Protein analysis by microPIXE
Geoff Grime and Elspeth Garman have pioneered a novel technique for determining the heavy metal constituents found in some proteins which are often hard to determine via other methods.
Getting your sample measured
We can measure all kinds of samples from liquid to crystal, read through our frequently asked questions to find out how we can help you.
Get in contact
If you're interested in getting a sample measured through us then please email Professor Roger Webb.
All elements in the periodic table heavier than neon (mass 20). For sodium measurements, a special thin filter must be used on the X-ray detector, so make it clear from the beginning if you want quantitative sodium data.
1 part in 106 of the dry weight of the sample. For example this means that 1 zinc atom in a 100kDa protein can be detected.
An accuracy of between 10 and 20 per cent is usually achieved, depending on what elements are present and how much of that element is present.
Only one such sample has been presented so far! As the number of sulphurs is used to get the number of atoms of the element of interest (X) from the ratio of the sulphur/X concentrations measured, it is not possible to obtain accurate quantitation if there is no sulphur in the sample. Absolute concentration measurements are very difficult, and we have not attempted them. For the sample we have already analysed which had no sulphur, we were able to identify the metal present but not give a stoichiometric ratio for it with the protein.
Yes, as the phosphorus acts as the internal standard to give accurate stoichiometric ratios.
Samples are mounted on 2 micron thick mylar or 4 micron thick polypropylene film stretched and stuck across a hole in a standard aluminium holder. Liquid samples are pipetted gently on to the film and allowed to dry naturally. Crystal samples are usually transferred onto the film using a cryo-loop. Some training in preparing the holders is required, as they must be kept clean.
The mylar film has traces of calcium and phosphorus in a known ratio. If the protein has either calcium or phosphorus (e.g. from bound DNA) in it, the background can be deconvoluted. However, this increases the error, and if the accuracy is critical, another backing may be required. Polypropylene is clean of any trace elements, and it is the film we are currently using most of the time.
Each sample takes around 30 to 40 minutes to measure (e.g.1 map and 4 points of around 5 minutes each). The spectra are then analysed with the software programme Dan32, which takes around an hour or two, depending on how difficult it is to fit the Rutherford Backscattered proton spectra to get the matrix composition and thickness.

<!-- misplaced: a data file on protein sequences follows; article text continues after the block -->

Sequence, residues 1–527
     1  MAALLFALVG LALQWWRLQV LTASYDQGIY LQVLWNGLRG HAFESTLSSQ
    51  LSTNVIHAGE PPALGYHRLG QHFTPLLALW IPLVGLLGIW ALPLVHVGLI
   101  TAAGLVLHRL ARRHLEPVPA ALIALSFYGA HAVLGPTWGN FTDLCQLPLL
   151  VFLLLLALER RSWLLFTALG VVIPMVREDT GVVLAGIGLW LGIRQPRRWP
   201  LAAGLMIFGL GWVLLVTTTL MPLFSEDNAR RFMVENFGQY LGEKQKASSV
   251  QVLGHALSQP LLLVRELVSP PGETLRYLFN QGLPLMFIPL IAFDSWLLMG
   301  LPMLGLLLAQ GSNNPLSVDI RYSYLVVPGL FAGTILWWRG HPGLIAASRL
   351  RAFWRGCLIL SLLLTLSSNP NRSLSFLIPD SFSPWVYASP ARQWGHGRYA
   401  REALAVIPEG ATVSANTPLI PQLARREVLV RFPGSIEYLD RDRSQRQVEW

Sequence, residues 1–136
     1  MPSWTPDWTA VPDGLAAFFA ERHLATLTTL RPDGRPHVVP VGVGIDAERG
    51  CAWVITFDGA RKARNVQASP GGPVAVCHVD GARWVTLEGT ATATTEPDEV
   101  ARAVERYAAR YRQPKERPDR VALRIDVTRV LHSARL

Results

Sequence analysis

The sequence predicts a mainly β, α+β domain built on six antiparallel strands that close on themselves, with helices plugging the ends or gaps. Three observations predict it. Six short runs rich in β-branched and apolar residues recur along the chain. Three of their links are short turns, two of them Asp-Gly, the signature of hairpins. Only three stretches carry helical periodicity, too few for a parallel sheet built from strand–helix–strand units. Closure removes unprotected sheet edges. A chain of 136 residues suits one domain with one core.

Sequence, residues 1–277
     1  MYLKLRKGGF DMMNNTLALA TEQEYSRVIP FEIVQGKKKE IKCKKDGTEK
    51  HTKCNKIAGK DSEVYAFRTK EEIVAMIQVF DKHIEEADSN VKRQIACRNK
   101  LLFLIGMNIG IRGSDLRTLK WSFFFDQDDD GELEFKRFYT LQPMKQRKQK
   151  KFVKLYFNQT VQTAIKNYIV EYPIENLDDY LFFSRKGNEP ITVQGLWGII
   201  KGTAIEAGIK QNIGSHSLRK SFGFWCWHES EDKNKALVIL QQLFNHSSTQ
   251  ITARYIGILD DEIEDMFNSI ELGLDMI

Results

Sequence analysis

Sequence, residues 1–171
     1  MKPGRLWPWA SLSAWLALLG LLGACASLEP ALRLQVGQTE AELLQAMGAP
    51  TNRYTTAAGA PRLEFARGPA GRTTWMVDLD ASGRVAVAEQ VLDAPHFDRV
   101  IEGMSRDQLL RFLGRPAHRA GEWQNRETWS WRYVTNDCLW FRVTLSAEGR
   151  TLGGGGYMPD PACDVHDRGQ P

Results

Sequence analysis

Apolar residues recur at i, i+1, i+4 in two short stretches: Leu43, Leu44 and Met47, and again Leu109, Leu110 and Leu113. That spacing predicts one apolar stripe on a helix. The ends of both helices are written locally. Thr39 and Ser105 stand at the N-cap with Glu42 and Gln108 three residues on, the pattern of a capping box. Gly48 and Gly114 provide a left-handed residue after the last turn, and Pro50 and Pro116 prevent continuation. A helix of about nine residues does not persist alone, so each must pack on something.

Preparation and setup: £300 (dimensions of sample holders and list of appropriate backing films will be provided if the user prefers to prepare the samples at home and send them ready for beam irradiation). Ion beam irradiation and analysis: £300 per sample.
There are two publications describing this method of analyzing proteins:
- Leaving no element of doubt: analysis of proteins using microPIXE. Elspeth Garman. Structure (1999) 7, R291-299
- Elemental analysis of proteins by microPIXE. Elspeth Garman and Geoff Grime. Progress in Biophysics and Molecular Biology (2005) 89/2, 173-205.
Only a very low volume is required: 0.3 microlitres is plenty.
This is a really important question. The necessary concentration in mg/ml depends on ratio of the total number of amino acids to the number that contain sulphur. We have established a reliable empirical limit for this and plotted on a graph as a guide to users. It can be found in Progress in Biophysics and Molecular Biology (2005) 89/2, p. 193, Figure 6 (above), and should always be checked before mounting any samples. It is a waste of time and money to attempt to measure samples lying below the line on the scatter plot.
Yes, it is crucial that the buffer contains NO sulphur or chlorine (please see next question).
Common buffers used in protein preparation which contain sulphur and are thus unsuitable are: BES, DDT, HEPES, MES, MOPSO, PIPES. Suitable buffers are: EDTA, TRIS (make sure you don’t use HCl during the preparation, see question below), Tricine, glycine, and TEA. A full list can be found in Table 4 of Garman and Grime, Progress in Biophysics and Molecular Biology, (2005) 89/2, 173-205.
Yes, as this will give an intense chlorine peak next to the sulphur peak. This gives a shoulder under the sulphur peak and thus increases the % error on the measurement. An excellent substitute is KBr or NaBr, and we have been successful in a number of cases using it. KBr gives a convenient internal check of the systematics, since the ratio should be 1:1 from the spectrum analysis.
It can be really awful: microPIXE measures the material in the beam, it does not care about diffraction quality, so as long as there is some identifiable object to analyse, it does not matter whether or not it is highly ordered.
Anything over 50 microns is fine. The smallest we have ever measured was 10 microns square and about 2 microns thick (it turned out to be zinc chloride…).
This depends on whether the crystallisation buffer contains sulphur. If is does, the crystal should be washed 5 or 6 times in milliQ (NOT tap water which adds chlorine to the buffer) by means of a cryoloop. It does not matter if the crystal disintegrates, as long as some of it gets onto the film. If the crystal was washed, it is safest to carry out PIXE measurements on both a washed and an unwashed crystal.